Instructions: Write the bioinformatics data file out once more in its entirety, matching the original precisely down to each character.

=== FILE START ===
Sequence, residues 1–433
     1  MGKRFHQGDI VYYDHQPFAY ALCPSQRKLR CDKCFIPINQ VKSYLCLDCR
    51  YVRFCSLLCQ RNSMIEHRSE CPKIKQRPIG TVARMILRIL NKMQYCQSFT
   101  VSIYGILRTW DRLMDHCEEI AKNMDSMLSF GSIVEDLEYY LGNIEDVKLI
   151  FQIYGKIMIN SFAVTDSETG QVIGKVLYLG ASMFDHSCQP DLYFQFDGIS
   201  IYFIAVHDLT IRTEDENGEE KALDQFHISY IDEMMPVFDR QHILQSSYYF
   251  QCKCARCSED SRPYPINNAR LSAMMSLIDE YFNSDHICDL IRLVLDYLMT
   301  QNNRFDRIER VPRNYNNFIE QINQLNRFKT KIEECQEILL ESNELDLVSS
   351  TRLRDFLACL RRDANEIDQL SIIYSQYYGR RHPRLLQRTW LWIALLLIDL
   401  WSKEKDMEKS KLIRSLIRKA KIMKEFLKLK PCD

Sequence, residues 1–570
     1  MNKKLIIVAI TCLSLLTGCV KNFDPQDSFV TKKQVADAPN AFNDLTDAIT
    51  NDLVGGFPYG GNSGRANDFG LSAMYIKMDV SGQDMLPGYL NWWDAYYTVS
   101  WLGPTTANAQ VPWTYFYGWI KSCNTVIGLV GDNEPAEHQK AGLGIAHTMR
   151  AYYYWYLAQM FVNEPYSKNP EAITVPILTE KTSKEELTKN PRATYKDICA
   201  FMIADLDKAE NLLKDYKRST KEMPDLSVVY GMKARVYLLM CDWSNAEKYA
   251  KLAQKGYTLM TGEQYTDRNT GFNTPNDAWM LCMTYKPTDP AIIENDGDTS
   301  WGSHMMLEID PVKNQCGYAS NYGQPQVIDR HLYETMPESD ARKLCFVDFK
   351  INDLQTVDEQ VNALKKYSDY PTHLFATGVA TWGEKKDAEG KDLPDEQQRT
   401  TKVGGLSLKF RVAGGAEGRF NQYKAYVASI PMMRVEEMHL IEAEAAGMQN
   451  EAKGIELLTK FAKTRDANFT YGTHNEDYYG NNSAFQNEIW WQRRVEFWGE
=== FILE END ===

Sequence, residues 1–433
     1  MGKRFHQGDI VYYDHQPFAY ALCPSQRKLR CDKCFIPINQ VKSYLCLDCR
    51  YVRFCSLLCQ RNSMIEHRSE CPKIKQRPIG TVARMILRIL NKMQYCQSFT
   101  VSIYGILRTW DRLMDHCEEI AKNMDSMLSF GSIVEDLEYY LGNIEDVKLI
   151  FQIYGKIMIN SFAVTDSETG QVIGKVLYLG ASMFDHSCQP DLYFQFDGIS
   201  IYFIAVHDLT IRTEDENGEE KALDQFHISY IDEMMPVFDR QHILQSSYYF
   251  QCKCARCSED SRPYPINNAR LSAMMSLIDE YFNSDHICDL IRLVLDYLMT
   301  QNNRFDRIER VPRNYNNFIE QINQLNRFKT KIEECQEILL ESNELDLVSS
   351  TRLRDFLACL RRDANEIDQL SIIYSQYYGR RHPRLLQRTW LWIALLLIDL
   401  WSKEKDMEKS KLIRSLIRKA KIMKEFLKLK PCD

Sequence, residues 1–570
     1  MNKKLIIVAI TCLSLLTGCV KNFDPQDSFV TKKQVADAPN AFNDLTDAIT
    51  NDLVGGFPYG GNSGRANDFG LSAMYIKMDV SGQDMLPGYL NWWDAYYTVS
   101  WLGPTTANAQ VPWTYFYGWI KSCNTVIGLV GDNEPAEHQK AGLGIAHTMR
   151  AYYYWYLAQM FVNEPYSKNP EAITVPILTE KTSKEELTKN PRATYKDICA
   201  FMIADLDKAE NLLKDYKRST KEMPDLSVVY GMKARVYLLM CDWSNAEKYA
   251  KLAQKGYTLM TGEQYTDRNT GFNTPNDAWM LCMTYKPTDP AIIENDGDTS
   301  WGSHMMLEID PVKNQCGYAS NYGQPQVIDR HLYETMPESD ARKLCFVDFK
   351  INDLQTVDEQ VNALKKYSDY PTHLFATGVA TWGEKKDAEG KDLPDEQQRT
   401  TKVGGLSLKF RVAGGAEGRF NQYKAYVASI PMMRVEEMHL IEAEAAGMQN
   451  EAKGIELLTK FAKTRDANFT YGTHNEDYYG NNSAFQNEIW WQRRVEFWGE